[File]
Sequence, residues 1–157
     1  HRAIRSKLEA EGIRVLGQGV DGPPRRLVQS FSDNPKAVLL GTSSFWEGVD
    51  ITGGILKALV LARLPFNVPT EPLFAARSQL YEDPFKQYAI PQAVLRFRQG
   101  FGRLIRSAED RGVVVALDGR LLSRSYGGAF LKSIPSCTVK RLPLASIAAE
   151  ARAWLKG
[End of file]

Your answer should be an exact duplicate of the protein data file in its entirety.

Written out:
Sequence, residues 1–157
     1  HRAIRSKLEA EGIRVLGQGV DGPPRRLVQS FSDNPKAVLL GTSSFWEGVD
    51  ITGGILKALV LARLPFNVPT EPLFAARSQL YEDPFKQYAI PQAVLRFRQG
   101  FGRLIRSAED RGVVVALDGR LLSRSYGGAF LKSIPSCTVK RLPLASIAAE
   151  ARAWLKG